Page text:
Thursday, June 22, 2006

TAKE THE LEAD: Zorro Rides Again!

TAKE THE LEAD (dance comedy)
Cast: Antonio Banderas, Alfre Goodard, Rob Brown and Yaya DaCosta
Director: Liz Friedlander
Time: 107 mins
Rating: * * 1/2
Banderas Taking The Lead in the ballroom
WHAT’S IT ABOUT? El Zorro (Banderas) rides again! This time around, he is galloping on his trusty bicycle and trying to save the wayward kids of a New York City school from rotting in detention class. I jest… Banderas is not the masked swashbuckler here. He plays Pierre Dulaine, a ballroom dancing instructor who somehow decides to buck the system and teach a bunch of no-hope street kids BALLROOM Dancing! Now, if that sounds incredulous, take heed that this movie is based on the real-life ‘adventures’ of Dulaine himself!

WHAT’S THE BIG DEAL? The usual dance movie routine applies. At first, the students, like Rock (Brown) and Lahrette (DaCosta) laugh at and spurn Dulaine’s attempts at teaching them to waltz and foxtrot. Most of them go for hip-hop. Then the suave Banderas charm kicks in and, as expected, we have the youngsters – and even the school principal (Woodard) – eating out of his hand. If you thought the Zorro series is a fairy-tale, this one is gonna make your eyes roll even more.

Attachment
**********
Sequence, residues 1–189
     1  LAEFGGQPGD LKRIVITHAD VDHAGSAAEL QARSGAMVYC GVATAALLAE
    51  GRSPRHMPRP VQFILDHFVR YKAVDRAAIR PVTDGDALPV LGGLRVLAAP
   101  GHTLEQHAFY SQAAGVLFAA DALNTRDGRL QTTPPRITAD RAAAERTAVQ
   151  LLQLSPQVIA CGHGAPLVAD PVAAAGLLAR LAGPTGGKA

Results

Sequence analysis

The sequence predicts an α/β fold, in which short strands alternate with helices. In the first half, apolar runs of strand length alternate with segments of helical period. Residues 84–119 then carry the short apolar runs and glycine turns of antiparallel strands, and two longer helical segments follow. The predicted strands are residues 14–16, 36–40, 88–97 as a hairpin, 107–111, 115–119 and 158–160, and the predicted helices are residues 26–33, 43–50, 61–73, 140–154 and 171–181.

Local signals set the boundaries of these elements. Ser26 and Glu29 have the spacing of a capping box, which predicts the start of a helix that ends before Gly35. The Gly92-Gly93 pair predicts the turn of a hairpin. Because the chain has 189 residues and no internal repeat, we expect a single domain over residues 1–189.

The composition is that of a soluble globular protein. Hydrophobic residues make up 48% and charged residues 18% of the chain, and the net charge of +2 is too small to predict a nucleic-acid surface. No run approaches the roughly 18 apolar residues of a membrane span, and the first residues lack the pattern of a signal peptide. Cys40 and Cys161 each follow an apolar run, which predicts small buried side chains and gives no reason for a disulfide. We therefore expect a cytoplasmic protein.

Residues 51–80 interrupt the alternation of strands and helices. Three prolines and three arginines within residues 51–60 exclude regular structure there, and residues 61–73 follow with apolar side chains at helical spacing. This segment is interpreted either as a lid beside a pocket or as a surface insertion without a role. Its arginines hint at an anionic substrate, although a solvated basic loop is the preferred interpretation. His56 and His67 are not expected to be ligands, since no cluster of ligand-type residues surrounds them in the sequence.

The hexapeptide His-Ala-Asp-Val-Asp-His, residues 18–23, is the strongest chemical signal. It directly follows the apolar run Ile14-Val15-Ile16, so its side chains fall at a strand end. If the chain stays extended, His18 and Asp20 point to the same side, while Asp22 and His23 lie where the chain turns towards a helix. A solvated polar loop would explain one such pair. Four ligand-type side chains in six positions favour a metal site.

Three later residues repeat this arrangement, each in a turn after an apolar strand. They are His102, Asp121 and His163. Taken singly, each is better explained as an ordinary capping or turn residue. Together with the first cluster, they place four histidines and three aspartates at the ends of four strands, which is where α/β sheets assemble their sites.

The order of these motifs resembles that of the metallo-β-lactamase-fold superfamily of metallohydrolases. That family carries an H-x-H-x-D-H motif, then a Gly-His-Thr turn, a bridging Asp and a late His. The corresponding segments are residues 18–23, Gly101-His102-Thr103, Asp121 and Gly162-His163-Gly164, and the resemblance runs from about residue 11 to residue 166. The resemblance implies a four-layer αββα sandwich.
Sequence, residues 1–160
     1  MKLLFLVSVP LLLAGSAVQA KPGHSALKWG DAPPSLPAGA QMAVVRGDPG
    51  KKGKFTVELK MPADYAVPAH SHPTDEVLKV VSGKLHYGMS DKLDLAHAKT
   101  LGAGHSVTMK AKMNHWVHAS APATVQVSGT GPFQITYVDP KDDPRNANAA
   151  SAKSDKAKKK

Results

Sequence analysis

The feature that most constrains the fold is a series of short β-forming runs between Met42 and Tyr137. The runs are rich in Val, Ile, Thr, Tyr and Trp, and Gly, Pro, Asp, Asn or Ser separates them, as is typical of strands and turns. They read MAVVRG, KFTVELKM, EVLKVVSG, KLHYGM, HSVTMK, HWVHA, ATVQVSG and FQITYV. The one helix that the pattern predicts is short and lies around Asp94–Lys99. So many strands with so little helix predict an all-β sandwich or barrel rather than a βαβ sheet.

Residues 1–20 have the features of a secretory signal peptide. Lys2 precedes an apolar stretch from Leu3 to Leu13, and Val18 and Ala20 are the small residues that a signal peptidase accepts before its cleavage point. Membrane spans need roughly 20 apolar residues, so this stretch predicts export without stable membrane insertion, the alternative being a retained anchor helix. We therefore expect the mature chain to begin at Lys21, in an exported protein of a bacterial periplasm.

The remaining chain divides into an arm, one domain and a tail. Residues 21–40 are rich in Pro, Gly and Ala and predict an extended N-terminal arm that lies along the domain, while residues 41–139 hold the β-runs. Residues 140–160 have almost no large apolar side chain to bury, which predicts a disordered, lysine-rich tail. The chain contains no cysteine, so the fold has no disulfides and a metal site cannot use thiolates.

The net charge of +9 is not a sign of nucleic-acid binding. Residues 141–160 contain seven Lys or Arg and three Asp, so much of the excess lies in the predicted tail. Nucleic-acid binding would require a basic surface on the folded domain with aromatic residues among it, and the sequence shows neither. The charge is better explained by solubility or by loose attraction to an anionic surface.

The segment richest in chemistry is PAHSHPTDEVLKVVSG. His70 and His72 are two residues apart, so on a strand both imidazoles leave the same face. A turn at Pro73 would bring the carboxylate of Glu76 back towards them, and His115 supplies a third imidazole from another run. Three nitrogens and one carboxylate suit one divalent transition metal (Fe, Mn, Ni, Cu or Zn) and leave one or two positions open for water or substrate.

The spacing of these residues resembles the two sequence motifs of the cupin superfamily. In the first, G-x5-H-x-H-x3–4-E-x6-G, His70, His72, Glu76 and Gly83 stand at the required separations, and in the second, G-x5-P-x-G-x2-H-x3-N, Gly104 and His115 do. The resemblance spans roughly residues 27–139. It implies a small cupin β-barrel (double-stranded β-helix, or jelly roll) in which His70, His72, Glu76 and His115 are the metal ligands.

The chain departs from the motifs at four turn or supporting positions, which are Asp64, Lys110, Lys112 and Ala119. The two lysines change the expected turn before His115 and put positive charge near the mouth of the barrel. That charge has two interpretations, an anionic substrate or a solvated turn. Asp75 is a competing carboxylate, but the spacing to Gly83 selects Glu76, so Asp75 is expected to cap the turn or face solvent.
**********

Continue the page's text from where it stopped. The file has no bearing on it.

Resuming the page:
First-time director Friedlander applies her music video smarts to give us some twists and surprises, and even a few laughs. She cuts her scenes abruptly and includes subplots on the lives of the youths (like Rock and Lahrette being sworn enemies after the death of their siblings) to flesh out the characters, and appeal to the young viewers. The young cast acquit themselves pretty well here, especially DaCosta, and Dante Brasco as Ramos.

LOWLIGHTS: This is supposed to be an inspirational flick but I don’t see anything inspiring in the clichéd script. Even the dancing sequences fall flat – until the ending credits where street-dancing merges with Ballroom. Also, the subplot that hints at the widowed Dulaine’s love interest is left undeveloped. Okay, this is based on a true story but the idea of ballroom dancing being used to redeem the dregs of inner-city school kids still sounds rather preposterous to me.

This is not Strictly Ballroom. Remixed Ballroom, perhaps.


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